Last year I sat down with professors Perry and Roda from the American University of Paris and discussed their work on the PRIPARE project on online privacy. This piece was published as part of the “Studies for the World” series on aup.edu.
A woman enters a liquor store. She slowly peruses the isles. The man behind the counter watches her. Eventually, she walks up to the counter and casually hands him a twenty dollar bill. Within seconds, he has figured out her name, where she lives, her birthday, her height and her birthplace. Merely by glancing at her ID.
Unwittingly, we do the same every single day. We hand over countless pieces of personal information that are irrelevant to the transactions we undertake, whether we are buying shoes online or signing up for a newsletter.
Professors Perry and Roda, together with Professor Kung, participate in the PRIPARE project, PReparing Industry to Privacy-by-design by supporting its Application in Research, in order to re-establish privacy as a human right. Eleven institutions have sponsored the project: from academic institutions such as AUP to large companies the likes of Atos. The project is funded by the European Commission, which awards grants to as little as 7% of the project proposals it receives.
“There is a pressing need for legislation that protects citizens’ privacy,” argue both Professors Roda and Perry, “and an obligation to inform the general public about what that entails.”
Individuals like Edward Snowden have already raised the alarm on systems of global surveillance and the dangers they pose to individual private data. However, most citizens do not understand the extent of the threat.
And neither do companies. Perry and Roda suggest that, “Companies do not take the consequences of non-compliance seriously.” They hope this will change once the European Union‘s Data Protection Act comes into force in 2017.
“Right now,” they continue, “privacy is de-facto regulated by private companies as opposed to democratically elected bodies.” Google and Facebook have control over privacy standards, which is, Perry argues, “like letting restaurants set their own hygiene standards.”
How does this translate in our everyday lives?
Well, those private messages you send on Facebook might not be so private. Two years ago, an article on Buzzfeed revealed that Facebook has a team that reads through private messages if they have been flagged by an automated tool. The tool sifts through content, searching for violations of Facebook’s terms of service, such as “mature content”. If a private message is flagged, employees intervene and read it.
The online consequences of privacy violations can be extremely serious: damaged reputations, stalking, peer-pressure, bullying, blackmail…
Perry elaborates, “Article 17 of the Universal Declaration of Human Rights outlines the right to property. Right now property, in the form of data, is being stolen from its owners. Users need to be able to knowingly accept the privacy settings of their data.”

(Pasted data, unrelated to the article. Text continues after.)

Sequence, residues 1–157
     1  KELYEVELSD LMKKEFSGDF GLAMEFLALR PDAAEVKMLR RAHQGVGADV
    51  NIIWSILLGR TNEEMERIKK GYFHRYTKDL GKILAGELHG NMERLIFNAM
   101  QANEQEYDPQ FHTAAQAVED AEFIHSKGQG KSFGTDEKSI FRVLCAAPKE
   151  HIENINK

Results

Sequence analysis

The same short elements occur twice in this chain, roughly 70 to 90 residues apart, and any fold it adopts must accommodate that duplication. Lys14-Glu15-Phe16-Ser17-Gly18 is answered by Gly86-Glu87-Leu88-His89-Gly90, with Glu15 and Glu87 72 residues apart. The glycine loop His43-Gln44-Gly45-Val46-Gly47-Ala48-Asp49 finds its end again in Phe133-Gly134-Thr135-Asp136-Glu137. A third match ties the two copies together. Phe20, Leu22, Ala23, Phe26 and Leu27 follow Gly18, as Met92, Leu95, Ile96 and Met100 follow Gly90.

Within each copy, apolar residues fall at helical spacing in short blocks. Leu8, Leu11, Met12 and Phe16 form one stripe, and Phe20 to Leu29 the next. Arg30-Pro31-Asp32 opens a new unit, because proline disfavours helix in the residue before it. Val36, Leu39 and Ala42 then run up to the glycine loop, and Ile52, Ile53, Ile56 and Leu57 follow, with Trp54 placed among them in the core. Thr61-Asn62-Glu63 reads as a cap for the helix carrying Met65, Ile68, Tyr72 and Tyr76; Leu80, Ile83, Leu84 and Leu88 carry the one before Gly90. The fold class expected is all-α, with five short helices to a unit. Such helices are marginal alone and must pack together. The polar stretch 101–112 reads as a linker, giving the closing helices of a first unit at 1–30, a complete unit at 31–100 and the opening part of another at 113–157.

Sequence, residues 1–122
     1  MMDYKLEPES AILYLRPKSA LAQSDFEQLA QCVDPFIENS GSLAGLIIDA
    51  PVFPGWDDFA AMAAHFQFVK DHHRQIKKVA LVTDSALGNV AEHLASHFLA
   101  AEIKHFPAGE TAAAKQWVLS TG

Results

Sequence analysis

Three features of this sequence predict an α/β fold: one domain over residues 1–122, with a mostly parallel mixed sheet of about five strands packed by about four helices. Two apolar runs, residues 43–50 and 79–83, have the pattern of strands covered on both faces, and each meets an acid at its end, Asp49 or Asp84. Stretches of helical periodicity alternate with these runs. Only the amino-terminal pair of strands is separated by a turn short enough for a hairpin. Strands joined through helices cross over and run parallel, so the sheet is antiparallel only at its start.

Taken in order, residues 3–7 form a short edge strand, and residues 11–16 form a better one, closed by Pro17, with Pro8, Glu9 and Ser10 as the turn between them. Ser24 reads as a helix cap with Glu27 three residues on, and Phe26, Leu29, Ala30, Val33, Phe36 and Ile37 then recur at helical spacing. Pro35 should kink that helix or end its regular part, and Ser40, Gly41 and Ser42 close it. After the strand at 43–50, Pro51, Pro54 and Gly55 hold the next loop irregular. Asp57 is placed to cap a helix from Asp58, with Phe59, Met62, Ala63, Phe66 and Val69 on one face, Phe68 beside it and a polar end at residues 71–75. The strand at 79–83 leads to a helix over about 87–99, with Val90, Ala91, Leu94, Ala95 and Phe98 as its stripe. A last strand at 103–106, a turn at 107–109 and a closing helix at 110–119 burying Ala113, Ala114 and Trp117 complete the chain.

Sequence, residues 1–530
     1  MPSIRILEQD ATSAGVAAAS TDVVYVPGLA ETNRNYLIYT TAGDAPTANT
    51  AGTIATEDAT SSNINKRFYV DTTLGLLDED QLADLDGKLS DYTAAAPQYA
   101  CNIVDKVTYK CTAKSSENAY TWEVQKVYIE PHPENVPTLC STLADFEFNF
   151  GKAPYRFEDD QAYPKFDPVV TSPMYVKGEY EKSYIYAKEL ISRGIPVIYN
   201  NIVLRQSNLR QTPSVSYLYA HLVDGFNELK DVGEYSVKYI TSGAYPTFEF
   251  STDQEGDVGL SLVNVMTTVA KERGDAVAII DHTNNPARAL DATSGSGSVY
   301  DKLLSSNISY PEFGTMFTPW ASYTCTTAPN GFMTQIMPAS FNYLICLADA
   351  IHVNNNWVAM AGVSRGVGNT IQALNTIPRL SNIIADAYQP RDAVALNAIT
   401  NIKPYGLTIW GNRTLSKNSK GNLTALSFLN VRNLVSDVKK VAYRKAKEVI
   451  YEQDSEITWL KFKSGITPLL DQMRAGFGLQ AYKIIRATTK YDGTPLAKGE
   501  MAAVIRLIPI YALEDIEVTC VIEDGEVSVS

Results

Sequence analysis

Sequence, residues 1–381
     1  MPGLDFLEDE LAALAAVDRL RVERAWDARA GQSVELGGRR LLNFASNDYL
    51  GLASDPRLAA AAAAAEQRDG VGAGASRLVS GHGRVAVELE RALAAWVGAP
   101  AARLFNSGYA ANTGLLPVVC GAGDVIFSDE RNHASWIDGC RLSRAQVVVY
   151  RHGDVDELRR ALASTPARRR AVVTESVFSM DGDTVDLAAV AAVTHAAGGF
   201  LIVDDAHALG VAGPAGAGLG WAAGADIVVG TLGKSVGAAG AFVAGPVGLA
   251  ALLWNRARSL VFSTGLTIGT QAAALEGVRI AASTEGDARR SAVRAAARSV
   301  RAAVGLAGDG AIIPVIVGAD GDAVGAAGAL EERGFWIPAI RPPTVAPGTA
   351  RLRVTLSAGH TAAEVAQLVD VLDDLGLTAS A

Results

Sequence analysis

Perry and Roda go on to explain that there is a fundamental disconnect in privacy practices: users are required to put trust in data controllers, even if trust in these circumstances is not articulated in law.
One solution would be data minimization through processes like PETs, Privacy Enhancing Technologies, which ensure that only essential data is collected and that it is destroyed as soon as it is no longer needed. This would be the equivalent of our protagonist buying alcohol and only showing proof that she is “of age.”
Roda explains, “Privacy needs to be more than just an afterthought, it needs to be directly implemented in the design. Unfortunately most engineers are not well versed in ethics.”
Perry adds, “Most people in the IT industry don’t understand that the consequences of privacy violations may have a negative impact on the environment, on the fight against cyber-crime, on their branding. The GAFA (Google Apple Facebook Amazon) don’t take human rights into account in the design of their platforms and services.”
The PRIPARE project has been working closely with Atos, a French multinational IT services corporation, to ensure security and privacy go hand in hand in their designs. “Data functions much like money: big data is the currency of the twenty-first century, we just need better banks,” concludes Perry.
All in all data has become a valuable resource that enables companies to market to users but it also needs to be used sparingly and in compliance with users’ privacy.
Professors Perry and Roda have worked on various projects together, including an upcoming book on Human Rights and Digital Technology and a Topics course on Human Rights and Digital Technology. The European Union selected the latter as one of its recommended ENISA curricula for 2014. They hope to turn AUP into a privacy by design campus and set an example as to how universities can better combine privacy and technology.